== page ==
Govt pays $10.038m as commitment charges for not utilising loans

ISLAMABAD: The government paid $10.038 million as commitment charges to multilateral institutions for not utilising the sanctioned loans earmarked for different projects during the last fiscal year (July 2017 to June 2018).

Documents available with Pakistan Today revealed that the Pakistani government paid commitment charges amounting to $5.250 million in July 2017, $0.129 million in September 2017, $4.627 million in January 2018 and $0.022 million in March 2018.

Commitment charges is a fee charged by the lender to a borrower for an unused or undisbursed loan since it has set aside the funds for the borrower and cannot yet charge interest. The multilateral institutions normally keep 0.15 per cent commitment charges per annum against each project.

Sources said that the government received billions of rupees in loans for a number of projects from multilateral organisations, including the Asian Development Bank and the World Bank. However, they added, owing to the government’s inability to plan and execute, most of the fund remained unutilised.

The sources, citing the example of Jamshoro Power Project, said that project was approved in December 2013 and became effective in November 2014 after a lapse of 11 months. A total loan amount of $900 million was released for the project but the funds were not unutilised.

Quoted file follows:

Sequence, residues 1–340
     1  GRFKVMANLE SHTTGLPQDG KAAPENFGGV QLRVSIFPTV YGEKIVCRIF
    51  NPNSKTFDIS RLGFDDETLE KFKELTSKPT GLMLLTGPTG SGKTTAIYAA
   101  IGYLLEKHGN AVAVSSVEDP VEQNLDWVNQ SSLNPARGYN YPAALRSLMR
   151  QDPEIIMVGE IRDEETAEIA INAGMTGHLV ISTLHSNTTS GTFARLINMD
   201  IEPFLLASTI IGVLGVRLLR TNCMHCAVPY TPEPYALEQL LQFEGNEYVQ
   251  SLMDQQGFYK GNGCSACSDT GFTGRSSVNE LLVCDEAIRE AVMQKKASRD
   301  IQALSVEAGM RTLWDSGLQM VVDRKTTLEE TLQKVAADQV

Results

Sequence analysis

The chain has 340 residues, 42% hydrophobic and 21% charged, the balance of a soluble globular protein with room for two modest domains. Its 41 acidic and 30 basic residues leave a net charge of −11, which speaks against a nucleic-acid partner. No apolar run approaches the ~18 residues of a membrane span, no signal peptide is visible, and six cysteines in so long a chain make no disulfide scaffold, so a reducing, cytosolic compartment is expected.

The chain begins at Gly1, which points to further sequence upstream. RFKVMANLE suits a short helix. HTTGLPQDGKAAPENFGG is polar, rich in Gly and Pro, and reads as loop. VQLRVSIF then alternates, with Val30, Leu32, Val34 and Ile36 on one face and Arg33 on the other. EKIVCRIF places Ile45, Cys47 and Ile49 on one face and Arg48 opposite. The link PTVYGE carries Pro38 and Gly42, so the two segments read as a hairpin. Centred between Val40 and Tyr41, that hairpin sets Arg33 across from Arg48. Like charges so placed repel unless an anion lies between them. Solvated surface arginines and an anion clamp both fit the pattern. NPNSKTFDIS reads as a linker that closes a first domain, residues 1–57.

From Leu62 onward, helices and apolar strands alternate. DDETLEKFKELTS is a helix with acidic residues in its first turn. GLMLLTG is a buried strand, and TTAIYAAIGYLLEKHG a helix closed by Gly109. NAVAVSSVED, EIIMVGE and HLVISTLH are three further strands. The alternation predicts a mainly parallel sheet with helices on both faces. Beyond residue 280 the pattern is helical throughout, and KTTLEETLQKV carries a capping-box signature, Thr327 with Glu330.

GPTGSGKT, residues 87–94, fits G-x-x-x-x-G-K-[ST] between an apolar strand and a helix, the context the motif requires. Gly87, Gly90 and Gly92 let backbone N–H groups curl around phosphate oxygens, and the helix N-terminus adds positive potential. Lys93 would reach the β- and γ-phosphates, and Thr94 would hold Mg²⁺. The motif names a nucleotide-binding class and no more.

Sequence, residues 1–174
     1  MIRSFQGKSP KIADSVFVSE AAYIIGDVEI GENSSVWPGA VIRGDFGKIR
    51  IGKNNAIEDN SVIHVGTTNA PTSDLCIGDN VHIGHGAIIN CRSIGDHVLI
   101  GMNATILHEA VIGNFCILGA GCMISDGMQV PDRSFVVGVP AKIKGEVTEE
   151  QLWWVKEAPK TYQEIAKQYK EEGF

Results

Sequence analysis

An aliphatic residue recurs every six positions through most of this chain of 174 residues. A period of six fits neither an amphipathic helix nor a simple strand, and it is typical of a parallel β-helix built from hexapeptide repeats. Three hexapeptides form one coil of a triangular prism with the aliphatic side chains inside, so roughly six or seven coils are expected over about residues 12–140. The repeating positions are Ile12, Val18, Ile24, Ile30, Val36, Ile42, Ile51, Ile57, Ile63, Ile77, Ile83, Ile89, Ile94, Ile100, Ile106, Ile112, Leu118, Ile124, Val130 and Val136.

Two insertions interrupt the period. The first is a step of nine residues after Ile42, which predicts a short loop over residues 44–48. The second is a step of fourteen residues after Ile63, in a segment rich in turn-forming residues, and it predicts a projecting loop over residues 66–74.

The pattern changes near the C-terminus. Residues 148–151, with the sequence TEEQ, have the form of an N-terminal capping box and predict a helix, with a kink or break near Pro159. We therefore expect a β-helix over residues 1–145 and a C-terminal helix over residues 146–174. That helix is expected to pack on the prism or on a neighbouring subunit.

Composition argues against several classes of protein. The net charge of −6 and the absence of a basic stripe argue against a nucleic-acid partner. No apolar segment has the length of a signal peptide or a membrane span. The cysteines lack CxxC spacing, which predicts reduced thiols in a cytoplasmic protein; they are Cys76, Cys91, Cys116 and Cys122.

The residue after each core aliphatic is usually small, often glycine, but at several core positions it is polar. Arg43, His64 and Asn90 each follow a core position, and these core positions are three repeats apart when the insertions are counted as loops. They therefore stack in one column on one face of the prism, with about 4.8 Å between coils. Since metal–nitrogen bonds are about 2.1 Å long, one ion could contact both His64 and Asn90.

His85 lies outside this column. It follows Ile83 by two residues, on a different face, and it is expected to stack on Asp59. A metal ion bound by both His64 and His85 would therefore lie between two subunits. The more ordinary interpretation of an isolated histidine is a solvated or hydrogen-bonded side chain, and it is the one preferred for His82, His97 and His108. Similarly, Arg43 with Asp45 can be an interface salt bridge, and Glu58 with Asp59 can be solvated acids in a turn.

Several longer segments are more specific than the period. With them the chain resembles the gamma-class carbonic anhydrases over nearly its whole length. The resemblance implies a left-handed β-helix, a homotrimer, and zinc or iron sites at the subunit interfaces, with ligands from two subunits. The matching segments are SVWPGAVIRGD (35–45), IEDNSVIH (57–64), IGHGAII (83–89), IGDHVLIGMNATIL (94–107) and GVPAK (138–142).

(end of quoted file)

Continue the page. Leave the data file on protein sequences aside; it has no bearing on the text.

First, the contract was put on hold due to Economic Coordination Committee’s (ECC) review of the project and Economic Affairs Division’s (EAD) compliance with the contract award conditions in the loan agreement. For the best interest of the project and following the government’s request, ADB issued amendments to the loan and project agreements, which were counter-signed by the government and EA.

In January 2018, the Islamic Development Bank (IDB) cancelled its financing for the project and ADB was made to fully finance the unit 1 of the project. Following the amendment, the contract for unit 1 and its operation and management were signed with Siemens-Harbin consortium on 29 March 2018 and an advance payment ($46 million) was disbursed in June 2018. Due to unavailability of financing for unit 2, the contract award for unit 2 is still pending.

“Presently, no government institution, including EAD, calculates the commitment charges, however, the cost is presented in debt servicing,” sources said.

A senior official of EAD said it was unfortunate that the government could not use the amount despite the fact that the departments sit with the lending organizations every six months to check the status of each project.

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